Do you know how to poo? This may sound like a joke, but I’ve found that most people don’t know much about doing the doo. Here are 5 tips for better poop.
Do you know how to poop?
This may sound like a joke, but I’ve found that most people don’t know much about doing the doo. They don’t know what a good one looks like, let alone how to have one.
Has your doctor ever asked you about your poop?
Did your mom teach you how to poop? Did anyone?
I bet the answer is NO! But Mama Natural is going there 🙂
In this video, I’ll give you the scoop… on how to have a great poop
Here are 5 tips on how to poop and make it great.
1. Eat a Good Diet
This goes without saying, but you want to be eating a healthy, real food diet with lots of plant consumption because this contains helpful fiber.
Shoot for up to 9 servings a day of:
- Leafy greens
- Root and cruciferous vegetables
- Fresh fruit
Throw in some grains properly prepared through soaking or sprouting.
Nuts and seeds are also wonderful additions, but can be difficult for some to digest, especially for folks who are prone to diarrhea. So be sure you soak, sprout or use nut/seed butters.
You’ll also want to be sure you’re consuming enough good fats from things like:
- Raw butter
- Coconut oil
- And so forth
Ample protein keeps your bowel muscles strong, so be sure to get enough from sources like:
- Pastured and organic meats
- Raw or Organic dairy
- As well as wild fish and seafood
Position? For pooping? Don’t you just sit on the toilet?
Well, no. Not ideally.
Toilets are relatively new inventions in the history of humankind. Sitting on the pot is actually not the best position for pooping.
When a person sits on a toilet to eliminate, the rectum is forced into a kinked position. This can cause us to strain in order to eliminate. This straining exerts pressure on the anal and rectal veins, which can contribute to hemorrhoids, bowel herniation and other illnesses associated with the lower digestive tract.
Anorectal Angle, sitting versus squatting – how to poop series by Mama Natural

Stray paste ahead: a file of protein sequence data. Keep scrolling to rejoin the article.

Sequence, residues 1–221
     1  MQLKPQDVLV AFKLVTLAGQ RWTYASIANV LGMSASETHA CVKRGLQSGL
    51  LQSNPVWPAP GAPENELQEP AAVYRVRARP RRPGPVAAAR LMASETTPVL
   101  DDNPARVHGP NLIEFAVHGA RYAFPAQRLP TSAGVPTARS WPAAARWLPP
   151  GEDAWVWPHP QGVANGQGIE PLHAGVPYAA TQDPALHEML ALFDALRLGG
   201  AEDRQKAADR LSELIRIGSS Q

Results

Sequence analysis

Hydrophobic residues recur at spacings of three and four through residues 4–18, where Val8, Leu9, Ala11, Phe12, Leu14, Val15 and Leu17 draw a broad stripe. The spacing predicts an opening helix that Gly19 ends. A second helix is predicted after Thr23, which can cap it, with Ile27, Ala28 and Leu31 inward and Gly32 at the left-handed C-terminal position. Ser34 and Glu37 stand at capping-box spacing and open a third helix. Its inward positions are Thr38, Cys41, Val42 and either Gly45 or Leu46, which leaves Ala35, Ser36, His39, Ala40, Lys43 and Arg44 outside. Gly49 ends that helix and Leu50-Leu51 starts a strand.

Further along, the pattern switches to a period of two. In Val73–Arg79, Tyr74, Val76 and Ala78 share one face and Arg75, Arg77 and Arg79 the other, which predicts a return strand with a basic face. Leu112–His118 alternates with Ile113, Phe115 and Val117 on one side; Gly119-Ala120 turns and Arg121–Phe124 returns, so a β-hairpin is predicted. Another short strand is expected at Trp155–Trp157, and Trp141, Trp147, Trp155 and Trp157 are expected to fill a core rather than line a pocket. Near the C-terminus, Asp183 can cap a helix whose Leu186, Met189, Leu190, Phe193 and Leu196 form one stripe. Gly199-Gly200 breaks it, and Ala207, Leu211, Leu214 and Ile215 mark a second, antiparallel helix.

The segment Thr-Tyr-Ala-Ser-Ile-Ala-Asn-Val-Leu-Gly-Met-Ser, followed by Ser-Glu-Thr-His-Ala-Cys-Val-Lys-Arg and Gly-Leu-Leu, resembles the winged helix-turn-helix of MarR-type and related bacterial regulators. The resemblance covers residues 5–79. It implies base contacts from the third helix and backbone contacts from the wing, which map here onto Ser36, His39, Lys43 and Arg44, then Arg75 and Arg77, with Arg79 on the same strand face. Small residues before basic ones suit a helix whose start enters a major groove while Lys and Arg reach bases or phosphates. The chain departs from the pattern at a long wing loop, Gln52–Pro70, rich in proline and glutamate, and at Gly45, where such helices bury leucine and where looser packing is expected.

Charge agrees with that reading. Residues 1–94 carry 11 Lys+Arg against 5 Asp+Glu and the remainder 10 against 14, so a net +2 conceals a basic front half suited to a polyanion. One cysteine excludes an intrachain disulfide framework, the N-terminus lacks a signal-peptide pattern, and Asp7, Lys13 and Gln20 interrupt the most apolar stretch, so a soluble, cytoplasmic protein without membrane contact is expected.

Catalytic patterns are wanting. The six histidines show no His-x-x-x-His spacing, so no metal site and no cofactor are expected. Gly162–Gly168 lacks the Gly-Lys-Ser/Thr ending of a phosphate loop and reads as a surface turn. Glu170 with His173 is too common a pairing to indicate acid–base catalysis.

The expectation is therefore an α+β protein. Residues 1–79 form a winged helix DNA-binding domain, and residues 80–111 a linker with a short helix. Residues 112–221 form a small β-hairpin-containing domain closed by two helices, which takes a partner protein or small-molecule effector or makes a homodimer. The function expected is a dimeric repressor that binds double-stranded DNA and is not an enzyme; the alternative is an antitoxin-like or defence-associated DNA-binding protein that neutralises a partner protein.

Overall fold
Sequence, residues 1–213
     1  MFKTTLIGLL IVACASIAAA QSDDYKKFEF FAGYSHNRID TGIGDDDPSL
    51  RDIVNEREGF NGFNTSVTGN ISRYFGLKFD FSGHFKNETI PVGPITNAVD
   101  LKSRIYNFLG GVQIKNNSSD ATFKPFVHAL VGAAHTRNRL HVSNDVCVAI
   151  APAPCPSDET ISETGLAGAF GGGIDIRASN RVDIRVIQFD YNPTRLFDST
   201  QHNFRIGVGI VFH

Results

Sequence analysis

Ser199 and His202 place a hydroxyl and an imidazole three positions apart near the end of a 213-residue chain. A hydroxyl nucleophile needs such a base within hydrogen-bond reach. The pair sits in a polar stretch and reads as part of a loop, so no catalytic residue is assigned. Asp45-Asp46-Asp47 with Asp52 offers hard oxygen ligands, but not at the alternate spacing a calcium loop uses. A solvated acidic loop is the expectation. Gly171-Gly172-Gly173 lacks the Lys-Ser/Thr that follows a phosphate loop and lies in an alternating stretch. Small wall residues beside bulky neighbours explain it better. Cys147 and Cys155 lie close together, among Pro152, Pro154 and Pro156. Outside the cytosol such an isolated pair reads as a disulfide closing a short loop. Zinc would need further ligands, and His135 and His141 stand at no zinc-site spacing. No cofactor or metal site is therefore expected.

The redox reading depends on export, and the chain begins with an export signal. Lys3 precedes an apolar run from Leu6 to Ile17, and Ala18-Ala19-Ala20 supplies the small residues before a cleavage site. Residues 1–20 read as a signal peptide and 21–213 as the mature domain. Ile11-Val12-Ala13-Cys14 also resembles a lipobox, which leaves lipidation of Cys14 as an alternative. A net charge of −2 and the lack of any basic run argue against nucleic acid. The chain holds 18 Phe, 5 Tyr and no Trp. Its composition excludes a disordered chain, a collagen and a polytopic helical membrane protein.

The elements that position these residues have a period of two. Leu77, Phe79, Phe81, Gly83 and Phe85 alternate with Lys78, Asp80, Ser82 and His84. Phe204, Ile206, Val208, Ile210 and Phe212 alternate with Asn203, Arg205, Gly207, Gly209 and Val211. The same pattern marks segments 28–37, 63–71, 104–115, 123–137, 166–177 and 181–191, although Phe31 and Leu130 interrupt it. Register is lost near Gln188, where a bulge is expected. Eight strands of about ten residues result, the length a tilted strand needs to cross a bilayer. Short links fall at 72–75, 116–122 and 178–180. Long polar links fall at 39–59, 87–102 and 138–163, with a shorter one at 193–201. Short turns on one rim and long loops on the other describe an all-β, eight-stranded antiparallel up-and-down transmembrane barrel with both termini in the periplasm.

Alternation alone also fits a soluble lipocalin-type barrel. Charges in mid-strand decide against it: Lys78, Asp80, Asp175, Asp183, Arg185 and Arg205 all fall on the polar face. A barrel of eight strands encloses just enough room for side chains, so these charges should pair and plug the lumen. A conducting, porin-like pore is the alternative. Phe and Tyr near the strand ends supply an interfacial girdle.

Anatomically, humans are intended to squat when eliminating, and have done so since the dawn of time. In fact, more than half the world’s population still squats today.
BUT. We’ve all got “western” or sitting toilets in our homes, right? Are we supposed to get rid of them?
Well, no. But you can improve your form when you’re on them. The key is to elevate your feet to get up into that squatting position. You can put your feet on a little waste basket. Or better yet, a stool.
For the longest time we used our toddler’s little step stool. Now we use a handy stool from Step and Go that tucks under the potty when you’re not using it. Ours is a handsome bamboo version, and they also make a white one.
This might sound silly, but make time to poop every day.
In our busy world, we often race around first thing in the morning and don’t stop to allow our body to do what it needs to do.
Create a morning ritual that includes sitting on the pot 15 minutes. For many of us, it will take much less than that, but this is a good practice for those with constipation.
Use your potty stool, perhaps a little Peppermint essential oil, and relax on the toilet. Try to let go of your stress, which can make us hold in our bowels. Maybe read a good magazine.
By doing this daily, you can help train your body to eliminate each day.
Leading a sedentary lifestyle is can be hazardous for our health… and also for our poops.
If you wanna GET things moving, you gotta GET moving.
Exercise helps relieve constipation because it stimulates the nervous system and helps the muscles and nerves in the gut to work better. The bowels respond even more when you’re in a consistent exercise routine and exercising at the same time each day, according to the University of Michigan Health System.
It can be as simple as walking. Various yoga poses and abdominal massage are excellent to stimulate the bowel as well.
5. Drink Plenty of Fluids
Hydration is also very important. Water helps move things along in our systems. In fact, studies find that people who got plenty of fluids were the least likely to suffer constipation. And the large intestine needs fluid to form stool. In fact, our stools are made up of 75% water!?! So be sure to get that H2O.
So what’s next?
Check out my companion post and video: What Your Poop Says About You.
Plus, green poop! Here’s the answer to the age-old question of “why is my poop green?”
How about you?
Did your doctor, mom, or anyone else tell you how to poop? Share with us (if you dare) in the comments below.